CBWT-DT is a Canadian local station in Winnipeg, Manitoba, owned by the Canadian Broadcasting Corporation and affiliated with CBC Television. It broadcasts on digital channel 27, displaying on tuners as virtual channel 6.
CBWT first went on the air as Winnipeg's first television station on May 31, 1954. It was to have signed on as western Canada's first TV station in 1953, but sign-on was delayed by several months, allowing CBC Television's Vancouver outlet, CBUT, to claim that distinction when it began operations on December 16 that year. CBWT began as a bilingual station, airing programs from CBC Television and the French-language Radio-Canada during its first six years of operation. During its early years, it was also a secondary affiliate, and one of two Canadian affiliates, of the American Paramount Television Network. 
On September 30, 1956, CBWT was linked to the Trans-Canada Skyway microwave relay system, allowing Winnipeg TV viewers to watch shows from CBC Television on the same day as audiences in Toronto and Montreal. In April 1958, CBWT moved from channel 4, its original over-the-air channel in Winnipeg, to channel 3 to settle an issue over potential signal interference with Fargo/Valley City, North Dakota station KXJB-TV, which also broadcast over channel 4. On October 20, 1959, a weekly local current affairs show called Eye-To-Eye debuted on CBWT, airing on Tuesday nights from 10:15 to 11 p.m.
CBWT began broadcasting in English only on April 24, 1960 when French-language sister station CBWFT went on the air on channel 6. Later in the year, the CBC's monopoly on the Winnipeg TV dial ended when the independent CJAY-TV (now CTV owned-and-operated CKY-DT) was put on the air on November 12. In 1962, CBWT debuted a local version of the high school quiz show Reach for the Top, hosted by Bill Guest (who was also quizmaster for that show's national finals from 1969 until his death in 1985). CBWT and CBWFT switched channel positions on November 16, 1964, and CBWT expanded its signal with the installation of a new transmitter in nearby Starbuck, Manitoba. 24Hours, CBWT's original flagship supper-hour newscast and current affairs show, debuted on October 5, 1970. A semi-satellite of CBWT, CBWAT in Kenora, Ontario, originally offered a separate local news show for the Kenora area, but this ended around 1980 when local CTV affiliate CJBN-TV signed on.
Production of 24Hours was temporarily halted in the spring of 1981 by a NABET strike which affected all operations of the CBC, including those at CBWT. Two rounds of budget cuts, the first in 1984 after the Progressive Conservative government of Brian Mulroney took power and a second in December 1990, negatively affected the production of local programming at CBWT and other CBC radio and television stations. The station's long-running noon-hour newscast, News at Noon, ended in January 1985 when the CBC handed the noon hour slot on all its owned-and-operated (O&O) stations to its national midday show, Midday.
CBWT became known on-air as CBC Manitoba with CBC Television's on-air reimaging on January 1, 1986. CBWT expanded its studios and newsroom with construction of an expansion to the CBC Winnipeg facility at 541 Portage Avenue, which began operations on September 21, 1998 with the first shows to originate from the new studio. All local and regional non-news programming ended on CBWT with the budget cut round of 2000 when the program Breakaway, a show profiling various Manitoba towns, was cancelled. At the same time, 24Hours ended production and was replaced by the national/local hybrid news program Canada Now (which has since been cancelled and replaced with a local edition of CBC News at Six, now known as CBC News: Winnipeg). Since 2002, CBWT, in line with other CBC O&Os, has used the generic CBC Television network branding on-air. On January 15, 2007, Living Winnipeg, a local version of CBC Television's Living regional lifestyles program franchise, began production on CBWT, marking the return of local and regional non-news programming to the station for the first time since 2000. Living Winnipeg, along with all other Living programs airing on CBC Television regionally, ended production at the end of the 2008-2009 season due to a new round of budget cuts by the CBC.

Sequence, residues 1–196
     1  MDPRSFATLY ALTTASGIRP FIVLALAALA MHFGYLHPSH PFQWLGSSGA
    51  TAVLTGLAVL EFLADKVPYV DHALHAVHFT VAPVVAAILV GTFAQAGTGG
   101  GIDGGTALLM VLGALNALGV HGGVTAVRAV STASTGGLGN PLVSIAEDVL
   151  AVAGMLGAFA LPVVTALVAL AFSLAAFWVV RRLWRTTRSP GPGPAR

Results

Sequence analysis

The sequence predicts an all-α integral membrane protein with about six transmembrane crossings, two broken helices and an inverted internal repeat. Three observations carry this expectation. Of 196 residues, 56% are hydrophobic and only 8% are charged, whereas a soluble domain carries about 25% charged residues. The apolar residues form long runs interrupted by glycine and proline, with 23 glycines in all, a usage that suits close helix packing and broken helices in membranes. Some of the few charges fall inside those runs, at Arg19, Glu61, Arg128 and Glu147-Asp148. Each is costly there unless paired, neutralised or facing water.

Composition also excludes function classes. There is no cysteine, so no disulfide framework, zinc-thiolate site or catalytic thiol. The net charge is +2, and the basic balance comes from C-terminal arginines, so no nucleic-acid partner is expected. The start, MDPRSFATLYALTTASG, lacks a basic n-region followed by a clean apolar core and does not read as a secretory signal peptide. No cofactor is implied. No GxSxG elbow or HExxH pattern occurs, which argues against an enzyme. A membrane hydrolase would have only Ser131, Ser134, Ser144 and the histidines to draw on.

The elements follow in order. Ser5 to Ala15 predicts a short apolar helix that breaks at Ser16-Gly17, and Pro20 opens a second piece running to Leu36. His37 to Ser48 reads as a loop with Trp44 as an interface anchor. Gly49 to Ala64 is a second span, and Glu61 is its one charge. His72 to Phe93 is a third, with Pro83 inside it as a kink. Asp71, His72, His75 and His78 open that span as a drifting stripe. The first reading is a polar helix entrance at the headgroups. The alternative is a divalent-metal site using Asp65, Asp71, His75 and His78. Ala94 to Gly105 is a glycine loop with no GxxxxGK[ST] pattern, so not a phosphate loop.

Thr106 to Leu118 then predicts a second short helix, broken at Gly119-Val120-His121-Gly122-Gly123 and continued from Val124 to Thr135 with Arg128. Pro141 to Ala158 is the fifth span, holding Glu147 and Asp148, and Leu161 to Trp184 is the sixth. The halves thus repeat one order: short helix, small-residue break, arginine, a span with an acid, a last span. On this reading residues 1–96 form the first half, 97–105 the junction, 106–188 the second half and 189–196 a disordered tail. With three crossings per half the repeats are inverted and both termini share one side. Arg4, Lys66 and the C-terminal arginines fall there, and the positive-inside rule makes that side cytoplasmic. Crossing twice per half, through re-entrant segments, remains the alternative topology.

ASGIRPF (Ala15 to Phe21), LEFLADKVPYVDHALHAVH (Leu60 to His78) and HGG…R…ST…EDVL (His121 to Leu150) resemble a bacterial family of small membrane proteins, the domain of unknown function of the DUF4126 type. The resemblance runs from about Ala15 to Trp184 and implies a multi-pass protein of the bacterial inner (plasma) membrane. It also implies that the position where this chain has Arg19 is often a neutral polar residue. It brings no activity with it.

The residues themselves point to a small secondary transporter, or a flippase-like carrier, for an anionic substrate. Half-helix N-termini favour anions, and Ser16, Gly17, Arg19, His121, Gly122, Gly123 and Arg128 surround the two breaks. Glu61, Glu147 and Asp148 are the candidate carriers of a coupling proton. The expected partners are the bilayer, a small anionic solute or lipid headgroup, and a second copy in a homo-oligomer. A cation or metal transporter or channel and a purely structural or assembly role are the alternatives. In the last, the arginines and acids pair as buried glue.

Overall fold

On December 9, 2011, CBWT's channel 6 analog signal went off the air while CBWT-DT's digital signal signed on at channel 27. The late sign-on of CBWT-DT, which occurred over three months after the official switchover of Canadian television signals from analog to digital on August 31 that year, was a result of delays involving the erection of the CBWT-DT antenna.
Current Prime-Time Schedule
Note: Schedule is subject to change due to live sports coverage and special programming.
|Monday||Murdoch Mysteries (from 6:30)||Coronation Street||Murdoch Mysteries||Ascension||CBC News: The National||CBC News: Winnipeg at 11||The Honourable Woman|
|Tuesday||Murdoch Mysteries (from 6:30)||Coronation Street||Rick Mercer Report||This Hour Has 22 Minutes||Schitt's Creek||Mr. D||CBC News: The National||CBC News: Winnipeg at 11||Rick Mercer Report|
|Wednesday||Murdoch Mysteries (from 6:30)||Coronation Street||Dragons' Den||X Company||CBC News: The National||CBC News: Winnipeg at 11||Rick Mercer Report|
|Thursday||Murdoch Mysteries (from 6:30)||Coronation Street||The Nature of Things||Doc Zone||CBC News: The National||CBC News: Saskatchewan at 11||Rick Mercer Report|
|Friday||Murdoch Mysteries (from 6:30)||Coronation Street||Marketplace||Rick Mercer Report||CBC News: The Fifth Estate||CBC News: The National||CBC News: Winnipeg at 11||Rick Mercer Report|
|Saturday||Hockey Night in Canada (Game 1)||Hockey Night in Canada (Game 2)|
|Sunday||Heartland||Life Story||Ascension||CBC News: The National||CBC News: Winnipeg Weekend/The Exchange with Amanda Lang (11:10)||CBC News: The Fifth Estate|
- "Television". Winnipeg Free Press (Winnipeg, MB): p. 12. August 21, 1954.